Dear NPR Weekend Edition Staff and the Parents of College Students You Misled:
The August 24 program “Weekend Edition” produced a story on how some universities are “tackling sexual assault before parties start”, which underscores how important it is for parents, as well as colleges and universities, to prepare students in advance, and to remind them of the risk while offering them strategies to reduce it. This broadcast featured a clip of a conversation between a father of an incoming University of New Hampshire student, who is a doctor, and his daughter, “Kelly”. When Kelly asks her father specifically for advice (“What should I know about consent and assault and rape?”), Dad offers Kelly the following advice:
- Anticipate a situation before you get into it
- Always travel with friends
- Have a planned list of activities, night and day
- Avoid isolation
- Avoid substances
Kelly feels better, and Kelly’s Dad, who is clearly educated, informed, and appropriately concerned about his daughter’s safety and well-being, has done his job. And yet, what has she been told, really? Don’t ever be alone, don’t ever drink or use drugs, and keep yourself on a preset busy schedule. In other (vague) words, avoid, curtail, limit, distract, and then hope for the best. She might as well live at home and take all her courses online.
The take-home message of that list of rape avoidance strategies — inadvertently offered, perhaps, but communicated nonetheless — is that once danger is imminent, the outcome is a given. If one’s avoidance measures fail, there is no advice provided, implying that women do not have the option of fighting back.
And yet research has shown that girls and women are capable of safely and effectively resisting rape and sexual assault. Self-defense training is one critical way to teach, and allow for the practice of, active and clear strategies for things you can say and do in a potentially dangerous situation, where someone is trying to rape or assault you. And the research tells us that these strategies make women feel safer, make them more empowered to set and assert their boundaries in a range of situations – including social and dating situations – and can effectively prevent an assault or a rape from occurring.
So NPR and parents, please have these conversations, and please include not only a guy’s legal obligation not to attack but a gal’s legal right to defend herself. Here’s our script for daughters:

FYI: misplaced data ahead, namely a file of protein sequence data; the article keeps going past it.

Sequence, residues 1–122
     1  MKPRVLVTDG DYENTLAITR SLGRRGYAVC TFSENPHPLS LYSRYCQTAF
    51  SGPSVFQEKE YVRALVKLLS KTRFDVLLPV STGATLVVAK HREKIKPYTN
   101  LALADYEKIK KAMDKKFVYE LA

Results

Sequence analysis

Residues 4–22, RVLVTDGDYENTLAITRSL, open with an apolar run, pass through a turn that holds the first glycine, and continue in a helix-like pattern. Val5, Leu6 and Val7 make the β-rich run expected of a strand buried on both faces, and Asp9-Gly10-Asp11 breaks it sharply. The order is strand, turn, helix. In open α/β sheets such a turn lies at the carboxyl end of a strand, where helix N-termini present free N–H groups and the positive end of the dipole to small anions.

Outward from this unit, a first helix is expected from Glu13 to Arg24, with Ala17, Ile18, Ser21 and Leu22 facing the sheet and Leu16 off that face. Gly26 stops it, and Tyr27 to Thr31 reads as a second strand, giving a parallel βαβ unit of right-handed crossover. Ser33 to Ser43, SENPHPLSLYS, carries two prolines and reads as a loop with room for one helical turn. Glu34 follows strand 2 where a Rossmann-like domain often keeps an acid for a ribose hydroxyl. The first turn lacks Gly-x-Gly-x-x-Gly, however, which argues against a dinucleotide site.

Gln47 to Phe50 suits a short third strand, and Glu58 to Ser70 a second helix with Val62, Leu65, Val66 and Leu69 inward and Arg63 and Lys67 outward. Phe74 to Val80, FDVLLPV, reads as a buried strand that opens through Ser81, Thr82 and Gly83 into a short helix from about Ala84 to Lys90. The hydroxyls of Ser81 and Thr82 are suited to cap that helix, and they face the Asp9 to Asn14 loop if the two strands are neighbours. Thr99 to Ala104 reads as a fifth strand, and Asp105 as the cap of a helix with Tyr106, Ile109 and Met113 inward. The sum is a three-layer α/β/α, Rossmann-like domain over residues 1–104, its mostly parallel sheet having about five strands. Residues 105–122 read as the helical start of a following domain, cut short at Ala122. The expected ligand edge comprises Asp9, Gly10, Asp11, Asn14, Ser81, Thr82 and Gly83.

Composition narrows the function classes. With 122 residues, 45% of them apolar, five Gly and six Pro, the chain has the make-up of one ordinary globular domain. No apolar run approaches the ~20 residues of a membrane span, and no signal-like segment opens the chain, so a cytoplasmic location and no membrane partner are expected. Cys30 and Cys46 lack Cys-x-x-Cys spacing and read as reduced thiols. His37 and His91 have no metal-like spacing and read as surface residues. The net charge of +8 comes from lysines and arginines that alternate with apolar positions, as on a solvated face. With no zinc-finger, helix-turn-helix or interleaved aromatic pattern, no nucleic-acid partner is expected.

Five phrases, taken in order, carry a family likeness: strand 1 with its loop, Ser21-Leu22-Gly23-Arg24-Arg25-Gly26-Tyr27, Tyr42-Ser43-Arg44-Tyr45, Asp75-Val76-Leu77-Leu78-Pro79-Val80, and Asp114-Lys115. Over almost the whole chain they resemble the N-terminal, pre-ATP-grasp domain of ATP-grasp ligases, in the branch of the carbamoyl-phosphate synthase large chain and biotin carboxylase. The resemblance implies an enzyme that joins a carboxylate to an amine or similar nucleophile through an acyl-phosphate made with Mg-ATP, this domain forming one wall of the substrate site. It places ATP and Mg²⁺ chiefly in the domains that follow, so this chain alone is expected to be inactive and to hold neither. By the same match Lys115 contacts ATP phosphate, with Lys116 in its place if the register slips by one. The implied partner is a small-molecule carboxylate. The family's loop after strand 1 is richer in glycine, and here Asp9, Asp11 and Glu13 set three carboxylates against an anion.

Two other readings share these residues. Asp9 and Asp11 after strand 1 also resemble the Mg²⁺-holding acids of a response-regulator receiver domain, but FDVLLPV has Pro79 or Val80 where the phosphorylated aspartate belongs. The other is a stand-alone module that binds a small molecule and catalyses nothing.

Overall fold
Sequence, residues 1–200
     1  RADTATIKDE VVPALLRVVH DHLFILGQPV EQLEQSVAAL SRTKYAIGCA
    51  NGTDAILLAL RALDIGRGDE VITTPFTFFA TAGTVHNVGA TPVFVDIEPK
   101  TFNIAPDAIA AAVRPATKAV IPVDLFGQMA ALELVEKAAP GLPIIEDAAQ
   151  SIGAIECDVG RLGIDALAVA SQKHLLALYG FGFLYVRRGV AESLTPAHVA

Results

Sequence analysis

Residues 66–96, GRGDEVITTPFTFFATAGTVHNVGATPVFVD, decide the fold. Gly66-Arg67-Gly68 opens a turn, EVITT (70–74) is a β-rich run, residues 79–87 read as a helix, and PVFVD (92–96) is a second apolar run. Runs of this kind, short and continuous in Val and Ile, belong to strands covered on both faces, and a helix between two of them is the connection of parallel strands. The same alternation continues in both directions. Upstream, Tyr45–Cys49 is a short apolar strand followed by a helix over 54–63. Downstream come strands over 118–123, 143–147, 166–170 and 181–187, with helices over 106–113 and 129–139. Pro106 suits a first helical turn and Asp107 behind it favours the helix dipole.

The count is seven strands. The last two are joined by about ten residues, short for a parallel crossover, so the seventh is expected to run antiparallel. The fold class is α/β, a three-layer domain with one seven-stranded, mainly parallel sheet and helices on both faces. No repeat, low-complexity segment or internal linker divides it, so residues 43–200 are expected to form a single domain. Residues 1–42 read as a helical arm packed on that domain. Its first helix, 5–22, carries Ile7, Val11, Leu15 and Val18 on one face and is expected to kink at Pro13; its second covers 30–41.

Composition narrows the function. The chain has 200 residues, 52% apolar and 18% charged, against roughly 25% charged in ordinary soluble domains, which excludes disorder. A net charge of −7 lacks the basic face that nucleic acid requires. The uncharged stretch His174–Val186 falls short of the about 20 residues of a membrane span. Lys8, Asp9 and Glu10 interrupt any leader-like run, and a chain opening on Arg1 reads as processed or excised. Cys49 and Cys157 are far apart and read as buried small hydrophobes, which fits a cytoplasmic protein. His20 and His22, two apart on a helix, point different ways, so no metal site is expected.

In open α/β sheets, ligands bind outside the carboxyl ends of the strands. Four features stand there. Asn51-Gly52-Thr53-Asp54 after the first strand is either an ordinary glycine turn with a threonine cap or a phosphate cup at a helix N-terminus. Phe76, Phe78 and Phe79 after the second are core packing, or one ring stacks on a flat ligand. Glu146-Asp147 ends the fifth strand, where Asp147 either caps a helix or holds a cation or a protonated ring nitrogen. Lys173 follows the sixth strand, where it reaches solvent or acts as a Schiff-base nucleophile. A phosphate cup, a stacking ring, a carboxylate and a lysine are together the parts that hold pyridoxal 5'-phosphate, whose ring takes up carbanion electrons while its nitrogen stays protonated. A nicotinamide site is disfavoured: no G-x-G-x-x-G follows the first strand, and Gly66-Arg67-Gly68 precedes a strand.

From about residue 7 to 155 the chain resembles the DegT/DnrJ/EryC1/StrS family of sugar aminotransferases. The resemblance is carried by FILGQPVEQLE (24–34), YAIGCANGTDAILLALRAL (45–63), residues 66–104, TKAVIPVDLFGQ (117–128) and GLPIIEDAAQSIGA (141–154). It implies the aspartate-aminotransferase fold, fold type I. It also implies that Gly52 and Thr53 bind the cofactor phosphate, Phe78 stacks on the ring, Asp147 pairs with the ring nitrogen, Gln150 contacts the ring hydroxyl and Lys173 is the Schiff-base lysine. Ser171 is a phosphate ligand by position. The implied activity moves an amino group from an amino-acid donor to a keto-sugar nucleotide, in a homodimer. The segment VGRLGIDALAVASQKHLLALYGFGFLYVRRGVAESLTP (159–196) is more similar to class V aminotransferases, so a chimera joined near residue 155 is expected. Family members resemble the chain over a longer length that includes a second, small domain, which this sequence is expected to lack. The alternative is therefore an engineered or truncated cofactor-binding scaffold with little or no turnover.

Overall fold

If someone tries to rape or assault you, one thing you need to know is that you have the right to protect yourself – verbally or physically. You have the right to tell someone that what they are saying to you, how they are touching you, is not what you want, is not okay, is a crime; you have the right to yell and scream and call for help and make a scene to attract the attention of someone who might be able to help you. And you also have the right to physically resist – by pushing, shoving, hitting, kicking, with any part of your body that you can use – hands, elbows, hips, knees, feet – and against any part of their body – testicles, face, abdomen, arms, legs. And, you need to know these are all things you can do, and have the right to do, but that if you are in danger, we trust you to make the best decision for yourself that is going to keep you feeling as safe in the moment as possible. And that means that while we want you to know that it is okay for you to do these things, it doesn’t mean you have to or you should. You do what’s best for you, and we will love and trust and support you, no matter what.
Not that anyone asked, but here’s our script for sons:
If you want to do something physically intimate with someone, tell them and ask them. If the person you’re with has been drinking or using drugs, consider them incapable of offering meaningful consent and move on. If the person is reasonably sober and makes it explicitly clear that the desires are mutual, great. Do not assume you can pick up signals or hints. Do not ever attempt to impose yourself or your will onto another person. It’s neither sexy nor legal. Don’t treat anyone as an “easy lay.” If you don’t understand these principles, you just might get your ass kicked.
That’s the way to tackle sexual assault before the party starts.
Jill Cermele and Martha McCaughey